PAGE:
IT should have been a fittingly poignant end to a working relationship that became a close friendship.
But Robson Green has told how a musical mishap put paid to filming of an emotional farewell scene with James Norton.
Hit period drama Grantchester is back for a new series this week with Robson once again playing Detective Inspector Geordie Keating.
But Norton, who is crime-solving cleric Rev Sidney Chambers, is quitting part-way through this run.
Their final scene is in a pub and it didn’t go as planned.
“That goodbye scene required very little acting,” admitted Robson.
“It’s a very intense relationship and we’re still best friends. Working with him was one of the main reasons I turned up for work every day.
“When we were on set in the pub going through the scene, there wasn’t a dry eye among the crew.
“Even people who never show emotion were bawling.
“The executive producer had asked to be on set for his own ‘Hitchcock moment’ in the background, supping a pint.
“He was given just one instruction, to get up and go and look at the songs on the jukebox.
“But he does that – and then presses a button. Eddie Cochran starts blasting out and ruins the whole thing of James and I holding each other’s hands and pouring our hearts out.
“The director was cursing and we had to do it again.”
Although he has the closest of bonds with James, the change of cast and the fresh storylines that opened up, made for exciting times.
And that freshness was a big appeal for Robson.
“So many times in jobs over the years I’ve thought, ‘They’re just falling back on something they did in series one’ or you’re hearing the same things,” he confides.
“But there was a new energy that was surprising as I kind of thought at series three it was done.
“But then there was interest from America as long as James was in it for some of it and I was still there.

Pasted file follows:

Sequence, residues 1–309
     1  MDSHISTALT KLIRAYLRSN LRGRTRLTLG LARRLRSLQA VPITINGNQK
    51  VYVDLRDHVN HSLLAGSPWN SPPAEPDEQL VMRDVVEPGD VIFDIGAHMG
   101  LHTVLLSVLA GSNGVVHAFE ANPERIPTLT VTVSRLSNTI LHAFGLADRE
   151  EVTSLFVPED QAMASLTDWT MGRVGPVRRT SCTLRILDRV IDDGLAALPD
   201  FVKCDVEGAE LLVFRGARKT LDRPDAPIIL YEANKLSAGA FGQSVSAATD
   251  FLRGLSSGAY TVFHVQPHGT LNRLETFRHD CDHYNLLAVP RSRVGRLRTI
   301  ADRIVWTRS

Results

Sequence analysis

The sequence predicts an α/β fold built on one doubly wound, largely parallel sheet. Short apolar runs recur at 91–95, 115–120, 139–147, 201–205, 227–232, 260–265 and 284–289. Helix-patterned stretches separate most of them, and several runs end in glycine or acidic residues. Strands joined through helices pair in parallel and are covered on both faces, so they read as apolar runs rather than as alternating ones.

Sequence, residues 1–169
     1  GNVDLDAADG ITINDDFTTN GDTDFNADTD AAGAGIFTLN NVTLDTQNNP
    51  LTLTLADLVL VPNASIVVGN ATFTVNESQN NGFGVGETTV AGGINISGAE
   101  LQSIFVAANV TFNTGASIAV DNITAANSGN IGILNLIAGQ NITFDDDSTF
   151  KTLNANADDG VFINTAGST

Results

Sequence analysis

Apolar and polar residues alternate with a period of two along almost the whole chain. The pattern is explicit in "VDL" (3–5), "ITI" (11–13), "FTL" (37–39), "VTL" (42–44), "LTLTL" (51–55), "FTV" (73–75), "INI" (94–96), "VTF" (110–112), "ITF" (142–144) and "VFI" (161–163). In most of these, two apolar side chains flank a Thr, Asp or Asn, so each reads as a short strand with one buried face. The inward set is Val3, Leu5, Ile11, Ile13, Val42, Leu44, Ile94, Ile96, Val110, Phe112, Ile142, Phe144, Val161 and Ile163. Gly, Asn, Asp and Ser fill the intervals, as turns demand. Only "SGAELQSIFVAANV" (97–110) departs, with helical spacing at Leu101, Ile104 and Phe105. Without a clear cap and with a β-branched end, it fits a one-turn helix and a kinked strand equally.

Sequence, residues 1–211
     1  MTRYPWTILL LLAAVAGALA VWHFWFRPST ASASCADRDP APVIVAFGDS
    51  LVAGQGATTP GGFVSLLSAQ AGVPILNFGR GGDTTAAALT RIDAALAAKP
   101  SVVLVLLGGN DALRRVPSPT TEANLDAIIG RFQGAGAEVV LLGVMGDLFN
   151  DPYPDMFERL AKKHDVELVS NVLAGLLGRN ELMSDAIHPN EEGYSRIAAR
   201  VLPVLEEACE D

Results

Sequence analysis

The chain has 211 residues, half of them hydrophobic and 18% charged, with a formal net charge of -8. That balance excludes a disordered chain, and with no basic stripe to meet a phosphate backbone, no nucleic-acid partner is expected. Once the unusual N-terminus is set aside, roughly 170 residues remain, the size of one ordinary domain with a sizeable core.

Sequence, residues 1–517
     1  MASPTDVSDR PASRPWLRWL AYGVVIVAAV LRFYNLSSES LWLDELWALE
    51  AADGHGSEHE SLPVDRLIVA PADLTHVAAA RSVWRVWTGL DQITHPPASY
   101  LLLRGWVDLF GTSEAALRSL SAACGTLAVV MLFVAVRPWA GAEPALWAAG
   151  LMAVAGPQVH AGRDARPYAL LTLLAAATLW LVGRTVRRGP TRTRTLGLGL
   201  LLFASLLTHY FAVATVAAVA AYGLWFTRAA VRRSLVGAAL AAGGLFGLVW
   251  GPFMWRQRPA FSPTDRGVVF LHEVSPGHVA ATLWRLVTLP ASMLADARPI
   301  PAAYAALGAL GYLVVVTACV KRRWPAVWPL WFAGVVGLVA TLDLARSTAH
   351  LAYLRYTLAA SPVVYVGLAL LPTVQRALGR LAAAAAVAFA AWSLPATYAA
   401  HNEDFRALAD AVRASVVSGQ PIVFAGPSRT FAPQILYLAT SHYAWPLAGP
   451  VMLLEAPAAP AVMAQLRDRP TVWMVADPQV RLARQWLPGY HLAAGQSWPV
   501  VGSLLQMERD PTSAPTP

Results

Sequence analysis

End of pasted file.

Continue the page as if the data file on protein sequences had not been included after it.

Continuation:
“They wouldn’t have done it if we’d both left.”
Norton’s departure sees former Outlander star Tom Brittney step into the fold as the new lead cleric.
And once again Robson, as the big draw, had a key role to play.
He was asked along to do audition scenes with a dozen actors who were being considered for the part of Will Davenport.
“Any one of them could have been chosen,” insists Robson.
“And there were five of them in particular who were so good. But there was something about Tom that was so charming and likeable.
“And when the camera wasn’t rolling, we had this relaxed chat.”
From Soldier Soldier to Touching Evil, Wire In The Blood to Northern Lights, Robson has been one of TV’s most in-demand actors.
But one of last year’s big BBC1 series in which he starred, Age Before Beauty, won’t be making a return.
“I don’t think you’d get that cast together again as we’ve all gone off doing our own thing.
“It was kind of a one-off and I don’t know where the writer Debbie Horsfield would have gone with it.
“It was great to do, especially working with James Murray. He is a really keen fisherman and we would go off and do that between filming.
“That was a real joy to find a kindred spirit and we’d be away on the river every opportunity we got.”
Angling-mad Robson has also been making both his entertaining fishing programmes and his engaging documentaries. They include several series showcasing his native Northumberland, where he still lives.
“I’m lucky to have several different ones to consider for this year, including one about the River Tyne and one about the Industrial Revolution.
“And I’ve been asked to do one about the 1980s. I like things that are on my own doorstep.”
And acting-wise he could be heading for Australia to shoot a big international project and then another in New Zealand.
“Of course there’s always the opportunity to fit in a bit of fishing,” he laughs.
Grantchester, ITV Friday, 9pm.